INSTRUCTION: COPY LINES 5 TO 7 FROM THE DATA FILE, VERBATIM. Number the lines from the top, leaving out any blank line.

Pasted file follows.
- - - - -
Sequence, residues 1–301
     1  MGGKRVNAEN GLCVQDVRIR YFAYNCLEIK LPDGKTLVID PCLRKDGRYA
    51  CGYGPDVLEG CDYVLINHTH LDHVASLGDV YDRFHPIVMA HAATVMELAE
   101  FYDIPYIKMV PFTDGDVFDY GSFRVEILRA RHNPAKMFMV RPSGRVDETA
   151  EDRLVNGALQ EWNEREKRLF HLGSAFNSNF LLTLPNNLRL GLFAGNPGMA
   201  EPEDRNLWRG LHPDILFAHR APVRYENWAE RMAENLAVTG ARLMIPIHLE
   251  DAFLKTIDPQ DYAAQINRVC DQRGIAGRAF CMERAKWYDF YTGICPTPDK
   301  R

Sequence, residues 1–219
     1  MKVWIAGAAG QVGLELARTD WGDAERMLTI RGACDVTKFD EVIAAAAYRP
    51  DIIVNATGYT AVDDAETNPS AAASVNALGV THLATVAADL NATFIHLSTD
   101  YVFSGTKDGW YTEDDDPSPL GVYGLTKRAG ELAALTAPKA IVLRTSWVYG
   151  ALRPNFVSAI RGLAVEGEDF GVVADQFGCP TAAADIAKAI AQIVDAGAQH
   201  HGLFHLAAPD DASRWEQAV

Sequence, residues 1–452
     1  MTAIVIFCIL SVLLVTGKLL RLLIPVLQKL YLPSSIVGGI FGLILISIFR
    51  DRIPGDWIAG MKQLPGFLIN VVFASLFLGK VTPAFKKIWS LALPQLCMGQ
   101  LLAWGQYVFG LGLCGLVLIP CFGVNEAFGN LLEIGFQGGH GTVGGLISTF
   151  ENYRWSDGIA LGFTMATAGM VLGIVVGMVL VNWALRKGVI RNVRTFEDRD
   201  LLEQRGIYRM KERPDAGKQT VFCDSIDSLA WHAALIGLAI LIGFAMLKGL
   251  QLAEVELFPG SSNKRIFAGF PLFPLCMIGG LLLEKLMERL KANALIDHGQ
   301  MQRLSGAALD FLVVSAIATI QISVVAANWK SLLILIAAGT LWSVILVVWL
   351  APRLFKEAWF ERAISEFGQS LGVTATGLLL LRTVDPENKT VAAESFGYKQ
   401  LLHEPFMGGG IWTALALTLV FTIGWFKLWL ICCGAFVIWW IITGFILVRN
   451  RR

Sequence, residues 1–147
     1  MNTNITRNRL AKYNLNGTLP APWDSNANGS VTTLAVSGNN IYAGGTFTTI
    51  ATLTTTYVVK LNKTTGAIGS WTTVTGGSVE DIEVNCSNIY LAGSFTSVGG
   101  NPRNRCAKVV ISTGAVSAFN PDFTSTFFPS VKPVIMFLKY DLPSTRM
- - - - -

   151  EDRLVNGALQ EWNEREKRLF HLGSAFNSNF LLTLPNNLRL GLFAGNPGMA
   201  EPEDRNLWRG LHPDILFAHR APVRYENWAE RMAENLAVTG ARLMIPIHLE
   251  DAFLKTIDPQ DYAAQINRVC DQRGIAGRAF CMERAKWYDF YTGICPTPDK